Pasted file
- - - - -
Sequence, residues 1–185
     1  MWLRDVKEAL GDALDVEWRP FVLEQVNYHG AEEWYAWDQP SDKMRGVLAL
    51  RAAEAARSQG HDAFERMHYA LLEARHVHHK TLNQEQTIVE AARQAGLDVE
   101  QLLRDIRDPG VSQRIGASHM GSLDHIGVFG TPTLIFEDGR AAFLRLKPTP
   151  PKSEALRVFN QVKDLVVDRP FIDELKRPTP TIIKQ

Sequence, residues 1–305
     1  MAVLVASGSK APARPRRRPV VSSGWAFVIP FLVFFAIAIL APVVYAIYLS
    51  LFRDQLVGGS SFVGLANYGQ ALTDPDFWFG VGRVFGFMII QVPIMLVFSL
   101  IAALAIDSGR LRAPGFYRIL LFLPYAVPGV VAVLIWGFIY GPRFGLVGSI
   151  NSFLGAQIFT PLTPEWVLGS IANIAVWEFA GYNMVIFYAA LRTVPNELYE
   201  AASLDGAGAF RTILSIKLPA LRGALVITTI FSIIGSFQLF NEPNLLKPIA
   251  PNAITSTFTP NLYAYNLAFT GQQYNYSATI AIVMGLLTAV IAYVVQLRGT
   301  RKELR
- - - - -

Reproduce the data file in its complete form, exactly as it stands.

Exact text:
Sequence, residues 1–185
     1  MWLRDVKEAL GDALDVEWRP FVLEQVNYHG AEEWYAWDQP SDKMRGVLAL
    51  RAAEAARSQG HDAFERMHYA LLEARHVHHK TLNQEQTIVE AARQAGLDVE
   101  QLLRDIRDPG VSQRIGASHM GSLDHIGVFG TPTLIFEDGR AAFLRLKPTP
   151  PKSEALRVFN QVKDLVVDRP FIDELKRPTP TIIKQ

Sequence, residues 1–305
     1  MAVLVASGSK APARPRRRPV VSSGWAFVIP FLVFFAIAIL APVVYAIYLS
    51  LFRDQLVGGS SFVGLANYGQ ALTDPDFWFG VGRVFGFMII QVPIMLVFSL
   101  IAALAIDSGR LRAPGFYRIL LFLPYAVPGV VAVLIWGFIY GPRFGLVGSI
   151  NSFLGAQIFT PLTPEWVLGS IANIAVWEFA GYNMVIFYAA LRTVPNELYE
   201  AASLDGAGAF RTILSIKLPA LRGALVITTI FSIIGSFQLF NEPNLLKPIA
   251  PNAITSTFTP NLYAYNLAFT GQQYNYSATI AIVMGLLTAV IAYVVQLRGT
   301  RKELR